Private landowners & land users
Landowners and land users (farmers, diagnosis foresters, abortion shepherds, hunters, fishers) and their organisations are key partners in land stewardship agreements, and are also the main way to involve them in nature and biodiversity conservation. Landowners and land users have a lot of reasons to get involved in land stewardship, from immaterial benefits such as social recognition to the improvement of the economic productivity of their land.
Recommendations to be considered by private landowners, land users and their organisations
- Discover land stewardship and its opportunities, and get in contact with land stewardship organisations and networks to share best practices, and build knowledge and practical know-how.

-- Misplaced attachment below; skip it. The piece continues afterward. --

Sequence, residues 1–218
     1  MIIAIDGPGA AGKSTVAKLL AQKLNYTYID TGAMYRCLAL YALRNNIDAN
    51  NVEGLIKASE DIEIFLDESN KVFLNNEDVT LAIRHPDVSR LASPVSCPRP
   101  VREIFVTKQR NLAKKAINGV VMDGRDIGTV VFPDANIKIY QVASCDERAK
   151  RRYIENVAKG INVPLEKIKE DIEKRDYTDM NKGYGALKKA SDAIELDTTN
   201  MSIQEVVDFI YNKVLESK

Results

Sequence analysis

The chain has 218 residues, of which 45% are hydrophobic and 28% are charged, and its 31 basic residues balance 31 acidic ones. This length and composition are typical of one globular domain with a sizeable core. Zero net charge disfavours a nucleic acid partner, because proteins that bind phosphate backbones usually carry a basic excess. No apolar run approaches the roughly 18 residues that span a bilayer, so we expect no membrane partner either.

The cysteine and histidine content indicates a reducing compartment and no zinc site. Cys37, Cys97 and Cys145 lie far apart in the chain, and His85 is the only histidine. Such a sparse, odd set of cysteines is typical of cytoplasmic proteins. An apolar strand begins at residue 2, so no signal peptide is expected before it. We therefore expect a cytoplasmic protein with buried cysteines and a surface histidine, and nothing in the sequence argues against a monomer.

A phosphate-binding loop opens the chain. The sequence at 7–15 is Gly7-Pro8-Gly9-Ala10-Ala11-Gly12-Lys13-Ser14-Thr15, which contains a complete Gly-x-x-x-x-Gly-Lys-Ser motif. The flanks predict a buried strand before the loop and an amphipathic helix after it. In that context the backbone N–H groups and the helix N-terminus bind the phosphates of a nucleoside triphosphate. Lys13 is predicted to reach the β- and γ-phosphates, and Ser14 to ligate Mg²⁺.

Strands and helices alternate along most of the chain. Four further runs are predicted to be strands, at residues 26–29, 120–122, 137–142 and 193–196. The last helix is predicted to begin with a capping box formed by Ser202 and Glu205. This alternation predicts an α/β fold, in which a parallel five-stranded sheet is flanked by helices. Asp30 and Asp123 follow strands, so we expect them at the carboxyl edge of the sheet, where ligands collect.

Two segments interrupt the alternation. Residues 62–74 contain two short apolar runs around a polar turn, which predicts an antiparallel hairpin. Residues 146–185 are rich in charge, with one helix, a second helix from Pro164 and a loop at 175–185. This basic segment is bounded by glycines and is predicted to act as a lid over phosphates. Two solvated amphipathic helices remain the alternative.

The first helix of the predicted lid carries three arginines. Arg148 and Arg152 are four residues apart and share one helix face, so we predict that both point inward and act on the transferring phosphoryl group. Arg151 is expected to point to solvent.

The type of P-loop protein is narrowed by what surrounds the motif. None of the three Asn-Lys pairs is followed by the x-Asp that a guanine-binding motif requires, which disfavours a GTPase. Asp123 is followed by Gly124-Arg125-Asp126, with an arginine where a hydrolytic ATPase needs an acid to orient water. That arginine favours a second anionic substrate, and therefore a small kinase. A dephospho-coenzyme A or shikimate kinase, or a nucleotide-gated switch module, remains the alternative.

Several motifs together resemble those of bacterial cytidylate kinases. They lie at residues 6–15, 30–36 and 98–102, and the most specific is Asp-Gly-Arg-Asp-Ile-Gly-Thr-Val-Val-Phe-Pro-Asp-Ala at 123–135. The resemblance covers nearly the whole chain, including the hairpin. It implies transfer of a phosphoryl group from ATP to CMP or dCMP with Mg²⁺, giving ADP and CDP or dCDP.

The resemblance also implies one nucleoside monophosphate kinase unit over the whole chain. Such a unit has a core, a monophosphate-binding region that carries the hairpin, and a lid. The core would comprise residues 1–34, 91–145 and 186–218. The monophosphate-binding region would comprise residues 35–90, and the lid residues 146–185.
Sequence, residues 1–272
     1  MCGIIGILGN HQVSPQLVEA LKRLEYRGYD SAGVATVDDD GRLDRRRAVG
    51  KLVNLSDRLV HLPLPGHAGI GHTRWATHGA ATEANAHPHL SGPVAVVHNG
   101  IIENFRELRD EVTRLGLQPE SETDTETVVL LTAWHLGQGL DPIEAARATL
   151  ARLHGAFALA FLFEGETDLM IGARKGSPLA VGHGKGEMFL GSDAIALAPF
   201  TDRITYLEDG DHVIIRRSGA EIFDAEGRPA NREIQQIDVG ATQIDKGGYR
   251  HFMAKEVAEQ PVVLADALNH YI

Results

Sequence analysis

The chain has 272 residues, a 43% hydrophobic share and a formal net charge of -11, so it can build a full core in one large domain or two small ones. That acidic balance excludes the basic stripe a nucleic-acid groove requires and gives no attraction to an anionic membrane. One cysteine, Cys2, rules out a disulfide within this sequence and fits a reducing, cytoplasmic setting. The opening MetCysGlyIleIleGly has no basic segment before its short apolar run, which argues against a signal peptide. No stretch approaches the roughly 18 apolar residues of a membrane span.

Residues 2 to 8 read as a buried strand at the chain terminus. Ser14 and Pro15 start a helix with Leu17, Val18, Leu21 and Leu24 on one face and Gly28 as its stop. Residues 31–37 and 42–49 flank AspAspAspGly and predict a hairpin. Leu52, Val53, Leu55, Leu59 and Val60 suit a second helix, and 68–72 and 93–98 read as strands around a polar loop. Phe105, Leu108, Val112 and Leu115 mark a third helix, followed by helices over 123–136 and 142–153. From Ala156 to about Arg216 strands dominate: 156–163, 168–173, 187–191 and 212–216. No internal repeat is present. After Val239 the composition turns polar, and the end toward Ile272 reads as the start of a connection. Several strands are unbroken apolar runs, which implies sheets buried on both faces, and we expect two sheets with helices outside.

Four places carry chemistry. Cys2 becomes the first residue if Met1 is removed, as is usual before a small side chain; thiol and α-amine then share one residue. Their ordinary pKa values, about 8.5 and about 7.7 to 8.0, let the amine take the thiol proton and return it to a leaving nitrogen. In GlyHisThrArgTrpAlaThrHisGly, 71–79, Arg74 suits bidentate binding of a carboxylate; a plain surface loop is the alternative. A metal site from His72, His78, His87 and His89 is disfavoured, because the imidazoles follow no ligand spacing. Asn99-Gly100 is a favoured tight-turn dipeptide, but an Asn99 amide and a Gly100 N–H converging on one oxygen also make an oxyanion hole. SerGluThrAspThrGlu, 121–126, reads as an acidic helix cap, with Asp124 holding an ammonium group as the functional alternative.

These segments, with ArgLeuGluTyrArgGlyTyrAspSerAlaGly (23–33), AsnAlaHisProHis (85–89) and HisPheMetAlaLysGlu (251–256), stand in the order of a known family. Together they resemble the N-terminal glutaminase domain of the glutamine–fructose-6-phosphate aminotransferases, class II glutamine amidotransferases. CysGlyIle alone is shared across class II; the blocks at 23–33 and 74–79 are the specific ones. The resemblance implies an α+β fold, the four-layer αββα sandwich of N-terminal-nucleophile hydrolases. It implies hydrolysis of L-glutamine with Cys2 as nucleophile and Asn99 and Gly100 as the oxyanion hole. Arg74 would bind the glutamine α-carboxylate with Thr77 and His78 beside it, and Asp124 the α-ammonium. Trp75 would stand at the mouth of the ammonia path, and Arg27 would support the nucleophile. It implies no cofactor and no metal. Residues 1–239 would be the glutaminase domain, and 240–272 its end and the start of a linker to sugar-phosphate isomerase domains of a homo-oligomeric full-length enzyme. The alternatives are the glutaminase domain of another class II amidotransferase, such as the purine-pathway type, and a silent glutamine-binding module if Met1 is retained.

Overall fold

- Learn from other landowners and farmers already involved in land stewardship agreements. Organising debates and presentations on land stewardship is a good option.
- Search for advice on the natural values of your property and how to manage those properly. Participating in local conservation groups that might evolve into land stewardship organisations.
- Ask land stewardship organisations in your area how they work and how you can become involved in projects to develop agreements of higher legal standards and best conservation results.
- Build partnerships with land stewardship organisations and networks through your landowner and farming, forestry, hunting and similar organisations.
- Link your land stewardship agreement to green economy activities in your property (i.e. commercialisation of products and services). Discuss options and joint opportunities for nature and landscape management with your land stewardship organisation.